Also Harry, obviously, but I think I've made my feelings on that topic clear many a time.

      BUT THE ICEMARK CHRONICLES ARE SO GOOD. I'm always trying to force them down people's throats, yes, because NO ONE'S READ THEM AND IT'S SO SAD.

      ALSO THE ROMAN MYSTERIES.

      OK, I'm done!

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    2. I've read Percy, yes. But it was much more recent; I wasn't a teen anymore when I started the series (still need to finish, but The Battle of the Labyrinth is never in the library).

      AH! Yes! I'm going to read it soon. (Actually it will be the third post I've read on the same topic today.) I will no doubt enjoy it and I can't wait to hear what else you have to say on the subject. :D

      Oh, The Dream Thieves! Yes, I need to email you about that. But our internet at the moment is non-existent. I'm currently at the library. . . Soon though! I actually took a ton of notes on it in a little notebook. Just, gosh! Maggie's writing style is so amazing.

      Agh! Okay, so I forgot you mentioned Anne of Green Gables. I loved it when I was a kid! (I actually have a radio theater version by Focus on the Family. If you ever chance upon it, give it a listen. It's beautiful and I think you'd like it.) I nearly read all the books until a friend diverted me to Emily of New Moon, which I liked much more. Which is saying something. I read Little Women too, but it was never a favorite. I'm not sure why because Jo rocked as an early feminist type AND she was a writer. Perhaps I ought to reread it too.

      Didn't Dahl write The Neverending Story, or am I confused? (Because that was good as well.)

      Haha! Okay, maybe I need to make my own compilation of childhood books.

      PS- I'm currently some pages into A Farewell to Arms and I CANNOT STAND the protagonist. Please tell me he gets better and there's character development or something to look forward to.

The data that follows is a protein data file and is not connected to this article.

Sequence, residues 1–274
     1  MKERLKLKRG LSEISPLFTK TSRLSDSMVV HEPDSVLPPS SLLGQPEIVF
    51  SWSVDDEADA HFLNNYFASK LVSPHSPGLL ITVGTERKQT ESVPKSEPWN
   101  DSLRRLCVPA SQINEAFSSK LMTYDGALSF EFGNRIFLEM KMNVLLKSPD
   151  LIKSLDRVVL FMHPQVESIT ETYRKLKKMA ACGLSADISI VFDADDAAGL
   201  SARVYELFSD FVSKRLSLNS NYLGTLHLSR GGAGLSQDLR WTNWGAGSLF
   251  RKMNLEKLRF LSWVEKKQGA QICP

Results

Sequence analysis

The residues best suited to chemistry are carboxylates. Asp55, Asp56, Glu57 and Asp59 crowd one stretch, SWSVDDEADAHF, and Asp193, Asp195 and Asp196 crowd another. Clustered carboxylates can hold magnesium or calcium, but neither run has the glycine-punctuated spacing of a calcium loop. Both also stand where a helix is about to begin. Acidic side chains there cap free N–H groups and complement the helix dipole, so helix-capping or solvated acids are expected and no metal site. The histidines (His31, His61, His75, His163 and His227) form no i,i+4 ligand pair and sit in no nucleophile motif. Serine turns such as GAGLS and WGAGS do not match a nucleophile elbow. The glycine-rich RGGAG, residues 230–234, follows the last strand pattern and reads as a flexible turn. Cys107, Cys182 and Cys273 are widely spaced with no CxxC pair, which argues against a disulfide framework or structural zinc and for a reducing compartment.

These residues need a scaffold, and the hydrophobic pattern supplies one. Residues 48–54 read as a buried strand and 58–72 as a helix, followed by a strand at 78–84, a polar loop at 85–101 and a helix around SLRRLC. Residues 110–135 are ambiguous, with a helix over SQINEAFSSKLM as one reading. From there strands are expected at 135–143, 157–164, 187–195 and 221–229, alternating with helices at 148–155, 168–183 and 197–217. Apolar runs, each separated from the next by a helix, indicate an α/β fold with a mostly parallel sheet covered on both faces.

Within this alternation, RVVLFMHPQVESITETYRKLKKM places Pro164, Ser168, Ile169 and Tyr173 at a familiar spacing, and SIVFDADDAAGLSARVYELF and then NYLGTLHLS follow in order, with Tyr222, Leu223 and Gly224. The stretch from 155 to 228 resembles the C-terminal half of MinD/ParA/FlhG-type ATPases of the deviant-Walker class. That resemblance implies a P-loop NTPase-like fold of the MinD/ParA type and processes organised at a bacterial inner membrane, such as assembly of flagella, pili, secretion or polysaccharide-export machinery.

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    3. Right, got it. Battle is really good though, potentially my favourite of the series. (Though I do love Thief.) But yeah. Read Battle. And I'm going to read the second cycle soon, yayayay!

      Yes, I've seen your Amazon-length comment, not read it yet though! XD

      I feel you about internet worries. But I'll be interested to hear your thoughts.

      LOVE THEM SO MUCH. You should return to the series. I recently read the fifth one which was an absolute delight. Can't wait to read Emily! And yes to LW reread!

      Not that I've heard of, but I'll have a look on Goodreads, one sec ...

      ~one sec elapses~

      The top results are Michael Ende, Ashwini Bhatt and Leonore Fleischer (appaz The Neverending Story is a popular title, unsurprisingly), so, no. But check out Matilda. And The Witches. (And just all of them, kay?)

      Do!

      PS YES HE DOES. THIS IS WHAT I WROTE MY DISSERTATION ABOUT. HOW LOVE CHANGES HIM. YOU'LL COME TO LOVE HIM TRUST ME. (I loved him, and it takes a lot for me to love a character called Frederick because I normally hate seeing my charries' names in other books. So yeah. That's how much I love him.)

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  7. OHHHHH SO MANY MEMORIES HERE!! I loved the Roman Mysteries!! EEEEP. They were hysterical and hilarious and wonderful. <3 And Inkheart, and Narnia OF COURSE. I think I grew up on like 90% diet of Narnia on repeat. (I had audio books and I'd just listen to them all and then start them again. #noregrets) AHHH I love childhood books. :') I'm too scared to reread them now though, in case I ruin good memories. XD

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    1. YOU DID?!?! I KNOW HARDLY ANY OTHER FANS! GAHHH! OK but I have ALWAYS had good experiences rereading so I say, go for it!

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Thanks for commenting! :)